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Dive Logs for Vance Stevens
PADI open water scuba instructor #64181
Dive 435-436
May 30, 2002
Khor Fakkan
Dibba Rock afternoon, and Pinnacles night dive

Diving with: Scuba 2000, Khor Fakkan
Dive buddies: Jonathan Langley and Mike Lake's PADI Open Water Dive #1
Others in dive party: Bobbi, Dave Propst, Kevin Rooney that afternoon; Dave Propst, Kevin Rooney night dive
Conditions: calm
Visibility: excellent, 7 to 12 meters
Wetsuit: Black Bear .5 mil skin
Weight:8 kg, overweight to accommodate novice divers
Diving from:Scuba 2000 boat with Deden driving

My 435rd Logged Dive since 1991

Dive site: Dibba Rock
Training conducted: Jonathan Langley and Mike Lake's PADI Open Water Dive #1

Data from dive computer:

Interval on computer from previous dive: nil

Time down on dive computer: 16:03
Max depth: 12.9; 12 meters planned
Time started up from chart: 48 min
Dive time from computer: 49.min
Min Temp: 27° C last week
Nitrox 21% (normal air), will definitely be deco

PSI/Bar in: not recorded
PSI/Bar out: not recorded

Pressure group out, from tables or wheel: n/a

Description of dive:

Picked up Jonathan from Sandy Beach around 2 p.m. and arrived at Scuba 2000 shortly thereafter where Dave and Mike had booked one cozy room and Bobbi and I the other (Kevin had ridden down with Dave and Mike and was staying at Sandy Beach, but had not been by there yet). Hassan and Deden agreed to my choice of dive site, Dibba Rock, so we wouldn't have to dive Pinnacles twice in one day/night. Vis was best I'd ever seen it there at Dibba Rock, so it turned out to be an excellent choice.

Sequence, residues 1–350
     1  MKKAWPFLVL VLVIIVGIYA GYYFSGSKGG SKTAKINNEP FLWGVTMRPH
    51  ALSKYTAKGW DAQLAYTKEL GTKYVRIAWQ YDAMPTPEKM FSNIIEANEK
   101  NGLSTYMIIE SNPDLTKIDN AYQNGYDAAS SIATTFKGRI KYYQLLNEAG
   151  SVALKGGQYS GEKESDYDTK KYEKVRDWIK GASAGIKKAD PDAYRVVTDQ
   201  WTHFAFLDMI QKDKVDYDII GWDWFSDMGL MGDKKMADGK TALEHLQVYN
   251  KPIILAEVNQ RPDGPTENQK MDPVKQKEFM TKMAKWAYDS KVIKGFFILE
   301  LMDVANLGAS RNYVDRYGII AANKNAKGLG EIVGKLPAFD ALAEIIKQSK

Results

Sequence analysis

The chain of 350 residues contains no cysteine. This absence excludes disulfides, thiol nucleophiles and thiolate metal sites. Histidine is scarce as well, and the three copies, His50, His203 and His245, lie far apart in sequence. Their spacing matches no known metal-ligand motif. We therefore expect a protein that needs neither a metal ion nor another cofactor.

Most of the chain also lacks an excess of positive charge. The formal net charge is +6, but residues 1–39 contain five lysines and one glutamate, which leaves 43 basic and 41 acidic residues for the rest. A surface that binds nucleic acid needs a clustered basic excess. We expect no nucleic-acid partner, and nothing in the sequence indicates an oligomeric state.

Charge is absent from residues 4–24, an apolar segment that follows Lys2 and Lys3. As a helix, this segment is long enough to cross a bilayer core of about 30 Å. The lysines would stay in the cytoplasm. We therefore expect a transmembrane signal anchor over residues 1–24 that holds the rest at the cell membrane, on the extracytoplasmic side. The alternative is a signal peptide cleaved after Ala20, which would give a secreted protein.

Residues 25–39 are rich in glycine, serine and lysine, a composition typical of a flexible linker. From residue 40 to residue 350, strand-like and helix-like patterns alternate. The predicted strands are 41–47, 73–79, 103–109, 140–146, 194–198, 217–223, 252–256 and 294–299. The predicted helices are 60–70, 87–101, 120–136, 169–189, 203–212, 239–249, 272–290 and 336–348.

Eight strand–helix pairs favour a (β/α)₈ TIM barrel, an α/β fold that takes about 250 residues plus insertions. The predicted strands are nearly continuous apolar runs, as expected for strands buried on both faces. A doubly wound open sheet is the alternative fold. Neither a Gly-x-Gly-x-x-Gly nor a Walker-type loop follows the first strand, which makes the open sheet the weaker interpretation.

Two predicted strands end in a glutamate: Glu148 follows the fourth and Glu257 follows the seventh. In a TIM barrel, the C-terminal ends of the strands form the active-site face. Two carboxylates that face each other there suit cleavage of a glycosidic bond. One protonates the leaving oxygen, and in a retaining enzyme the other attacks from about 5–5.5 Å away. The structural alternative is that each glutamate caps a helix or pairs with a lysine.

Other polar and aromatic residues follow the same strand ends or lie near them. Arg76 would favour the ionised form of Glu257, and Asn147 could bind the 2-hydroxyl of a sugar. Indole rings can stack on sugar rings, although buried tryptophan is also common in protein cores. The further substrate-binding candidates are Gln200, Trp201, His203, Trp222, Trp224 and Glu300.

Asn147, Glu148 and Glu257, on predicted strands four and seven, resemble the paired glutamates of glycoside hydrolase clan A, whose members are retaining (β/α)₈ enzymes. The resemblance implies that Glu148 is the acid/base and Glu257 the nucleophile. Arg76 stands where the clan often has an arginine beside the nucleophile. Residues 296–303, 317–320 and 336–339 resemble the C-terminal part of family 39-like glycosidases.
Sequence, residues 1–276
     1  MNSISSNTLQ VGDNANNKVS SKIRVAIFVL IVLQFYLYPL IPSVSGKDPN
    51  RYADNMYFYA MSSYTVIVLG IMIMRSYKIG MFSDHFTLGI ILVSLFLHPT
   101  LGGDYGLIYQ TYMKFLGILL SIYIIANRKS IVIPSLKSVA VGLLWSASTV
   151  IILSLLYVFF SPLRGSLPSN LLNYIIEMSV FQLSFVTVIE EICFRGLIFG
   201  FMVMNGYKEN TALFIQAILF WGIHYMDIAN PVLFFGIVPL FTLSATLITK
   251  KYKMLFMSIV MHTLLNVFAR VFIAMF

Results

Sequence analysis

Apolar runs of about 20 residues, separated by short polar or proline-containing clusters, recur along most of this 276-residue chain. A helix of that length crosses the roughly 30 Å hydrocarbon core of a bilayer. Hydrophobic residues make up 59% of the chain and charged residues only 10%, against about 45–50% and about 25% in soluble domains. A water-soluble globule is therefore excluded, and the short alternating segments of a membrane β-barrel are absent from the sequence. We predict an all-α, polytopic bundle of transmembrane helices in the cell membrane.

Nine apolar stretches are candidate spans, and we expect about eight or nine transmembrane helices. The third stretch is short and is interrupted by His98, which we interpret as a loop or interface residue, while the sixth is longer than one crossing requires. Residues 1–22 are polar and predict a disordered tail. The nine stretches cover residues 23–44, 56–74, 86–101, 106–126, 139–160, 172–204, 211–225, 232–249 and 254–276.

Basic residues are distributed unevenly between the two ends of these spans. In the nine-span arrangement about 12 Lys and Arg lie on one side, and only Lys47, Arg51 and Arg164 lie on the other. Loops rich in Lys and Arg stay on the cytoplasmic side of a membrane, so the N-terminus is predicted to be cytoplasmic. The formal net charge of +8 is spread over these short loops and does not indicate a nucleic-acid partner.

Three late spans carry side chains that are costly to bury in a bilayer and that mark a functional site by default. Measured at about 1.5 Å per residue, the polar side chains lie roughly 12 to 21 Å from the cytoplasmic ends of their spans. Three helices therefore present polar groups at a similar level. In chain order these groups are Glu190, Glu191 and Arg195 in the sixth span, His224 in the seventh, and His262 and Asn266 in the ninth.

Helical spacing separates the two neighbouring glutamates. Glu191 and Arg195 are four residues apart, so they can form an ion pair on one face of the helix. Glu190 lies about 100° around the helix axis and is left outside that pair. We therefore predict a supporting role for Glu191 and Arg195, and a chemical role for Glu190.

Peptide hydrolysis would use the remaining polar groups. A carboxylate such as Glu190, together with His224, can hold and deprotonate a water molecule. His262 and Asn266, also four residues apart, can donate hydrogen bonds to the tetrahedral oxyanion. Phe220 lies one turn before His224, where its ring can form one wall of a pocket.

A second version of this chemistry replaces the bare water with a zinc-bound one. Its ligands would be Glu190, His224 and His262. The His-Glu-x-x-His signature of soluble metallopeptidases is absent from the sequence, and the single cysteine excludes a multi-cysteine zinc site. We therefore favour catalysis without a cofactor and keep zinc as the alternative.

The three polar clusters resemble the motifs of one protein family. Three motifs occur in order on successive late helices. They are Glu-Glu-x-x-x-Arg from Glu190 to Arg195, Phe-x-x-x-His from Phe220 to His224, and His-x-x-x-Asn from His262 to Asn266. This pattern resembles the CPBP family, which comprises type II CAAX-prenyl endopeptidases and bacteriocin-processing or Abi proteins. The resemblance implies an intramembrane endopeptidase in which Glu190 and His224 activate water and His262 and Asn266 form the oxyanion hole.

Of the 5 in our party besides me, I had trained Bobbi and Dave, both through advanced, and had dived with them many times, but I'd never dived with the others. I had seen Kevin diving in a video taken at Ras Mhmd in Sinai and was alerted to potential buoyancy problems, and it was Jonathan and Mike's first open water dives. The latter two had done fine in the pool, and descended on queue. As I do with all first time divers, we went down the mooring line, all my novices holding the line with hands above mine. Dave and Bobbi descended independently, but Kevin followed us with hands on the line and when I noticed him having ear problems I halted the descent, forcing Jonathan and Mike to wait for him. After a minute or so I signalled Jonathan and Mike to wait there and went up to assist Kevin. I found him with mask full of water and helped him clear. I saw reef nearby so I swam that direction and motioned all divers over to the reef, beckoning Kevin to follow, idea being to get him off the line and on the reef where we could start our dive and proceed to depth while he cleared. All divers followed but Kevin, who remained on the line, in plain view in the clear vis, but ten meters distant. When it became apparent he wasn't going to follow, I swam over to get him. This forced me to leave my beginning divers unattended, but it was a good thing I did so, because I found Kevin on the line with no reg in his mouth, right hand clutching the line, and left hand groping in the area of his low pressure inflator which he had just found and was about to try and breathe from, but I pre-empted that by grabbing his octopus and giving him that. I then coaxed him from the line. He immediately sank 5 meters which concerned me if he was still having ear problems, so I pulled him up and got him over to the reef, and helped all divers establish buoyancy, got them buddied up, and began the dive.